Once you are out of school and finished your tertiary education, you really don’t expect to encounter bullying, but the sad reality is that bullying is rife in the workplace.
Director at The Human Edge, Helene Vermaak says that ‘that toxic behaviour including the likes of making false accusations, glaring, discounting others’ ideas, backbiting, gossiping, constantly criticising, giving people the silent treatment and making impossible demands are all examples of workplace bullying.
“There is a lot of attention on workplace harassment inspired usually by gender, race or belief biases – but not much attention is paid to straight bullying,” says Vermaak.
“As leaders, it’s important to make it clear that all forms of disrespect, dishonesty and lack of teamwork are not permitted at work. Perhaps it’s time for companies to begin talking not only about harassment but social abuse in general—giving specific examples of unacceptable behaviour that fall under the rubric of bullying.”
So, how do you stop a bully? Vermaak offers five pointers:
1. Reverse your thinking. Most of us suffer in silence because all we consider are the risks of speaking up. Those who speak up and hold others accountable tend to do the opposite. They think first about the risks of NOT speaking up. Changing the order of the risk assessment makes you much more likely to take action.
2. Facts first. Present your information, as if talking to a jury. Stick with the detailed facts. Be specific. Strip out any judgmental or provocative language.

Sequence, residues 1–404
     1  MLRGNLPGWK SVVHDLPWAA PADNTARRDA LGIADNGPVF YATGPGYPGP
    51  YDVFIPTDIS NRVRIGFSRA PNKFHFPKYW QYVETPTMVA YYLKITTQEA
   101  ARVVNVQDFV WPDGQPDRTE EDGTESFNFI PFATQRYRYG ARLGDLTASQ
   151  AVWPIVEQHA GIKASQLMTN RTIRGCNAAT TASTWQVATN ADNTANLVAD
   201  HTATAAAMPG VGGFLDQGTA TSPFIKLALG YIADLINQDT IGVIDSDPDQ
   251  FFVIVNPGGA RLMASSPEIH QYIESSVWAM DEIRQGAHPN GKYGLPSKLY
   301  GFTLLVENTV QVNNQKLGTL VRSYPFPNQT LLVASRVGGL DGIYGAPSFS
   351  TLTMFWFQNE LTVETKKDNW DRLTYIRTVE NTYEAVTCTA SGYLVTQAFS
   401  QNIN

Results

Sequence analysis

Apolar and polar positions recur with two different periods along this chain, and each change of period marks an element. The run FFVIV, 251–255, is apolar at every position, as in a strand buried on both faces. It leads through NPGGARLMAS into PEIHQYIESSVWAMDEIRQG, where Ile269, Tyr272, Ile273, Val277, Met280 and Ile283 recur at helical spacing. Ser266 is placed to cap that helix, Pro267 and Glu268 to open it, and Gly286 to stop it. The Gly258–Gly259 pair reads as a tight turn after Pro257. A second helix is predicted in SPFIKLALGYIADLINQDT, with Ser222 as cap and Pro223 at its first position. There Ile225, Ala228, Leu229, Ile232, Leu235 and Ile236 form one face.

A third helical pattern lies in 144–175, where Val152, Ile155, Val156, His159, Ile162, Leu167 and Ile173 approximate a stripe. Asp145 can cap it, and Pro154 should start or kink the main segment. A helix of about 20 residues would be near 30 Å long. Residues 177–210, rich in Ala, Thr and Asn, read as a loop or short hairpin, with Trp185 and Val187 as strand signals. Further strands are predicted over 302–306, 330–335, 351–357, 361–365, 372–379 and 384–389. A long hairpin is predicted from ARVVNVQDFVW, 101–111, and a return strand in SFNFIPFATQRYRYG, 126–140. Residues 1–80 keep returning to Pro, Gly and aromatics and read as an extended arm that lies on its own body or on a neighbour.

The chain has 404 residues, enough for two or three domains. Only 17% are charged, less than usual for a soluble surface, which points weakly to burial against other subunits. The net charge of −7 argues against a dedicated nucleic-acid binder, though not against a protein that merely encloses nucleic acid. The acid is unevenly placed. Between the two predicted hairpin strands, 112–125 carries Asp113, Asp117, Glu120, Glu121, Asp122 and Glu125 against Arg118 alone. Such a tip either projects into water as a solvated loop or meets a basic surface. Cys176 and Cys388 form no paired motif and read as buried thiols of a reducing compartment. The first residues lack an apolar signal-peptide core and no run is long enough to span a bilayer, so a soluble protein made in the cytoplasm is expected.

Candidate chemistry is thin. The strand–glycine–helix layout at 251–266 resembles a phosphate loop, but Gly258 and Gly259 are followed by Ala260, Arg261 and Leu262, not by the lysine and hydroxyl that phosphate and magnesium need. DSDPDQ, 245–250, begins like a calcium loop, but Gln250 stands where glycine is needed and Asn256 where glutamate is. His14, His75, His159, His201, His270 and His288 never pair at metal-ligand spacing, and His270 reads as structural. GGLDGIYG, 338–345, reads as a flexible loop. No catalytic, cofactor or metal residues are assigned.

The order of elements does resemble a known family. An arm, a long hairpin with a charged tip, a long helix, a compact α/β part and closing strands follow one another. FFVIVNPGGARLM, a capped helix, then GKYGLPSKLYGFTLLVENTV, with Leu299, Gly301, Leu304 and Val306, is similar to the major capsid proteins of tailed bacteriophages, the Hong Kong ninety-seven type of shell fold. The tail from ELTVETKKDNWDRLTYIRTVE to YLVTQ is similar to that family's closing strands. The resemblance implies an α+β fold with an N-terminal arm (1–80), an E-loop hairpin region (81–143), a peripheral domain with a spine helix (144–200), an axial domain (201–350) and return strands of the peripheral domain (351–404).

3. Validate concerns. Often the bullying behaviour was triggered by some legitimate concern. Be sure to validate that need while demonstrating an unwillingness to tolerate the way it was handled.
4. Share natural consequences. Let them know the consequences of behaviour—to you, others, customers, projects, etc.
5. Hold boundaries. Let them know how you expect to be treated in the future. Ask for their commitment. And let them know what your next step will be if there is a recurrence.
Bullies at work can cause embarrassment, fear, lack of motivation and often-even depression. The victim usually decides to keep quiet and not deal with the issue because the conflict makes him or her uncomfortable. It’s time for this to stop, says Vermaak. “The longer a bully is allowed to continue, the more people will fall victim to his or her behaviour, which clearly isn’t acceptable.”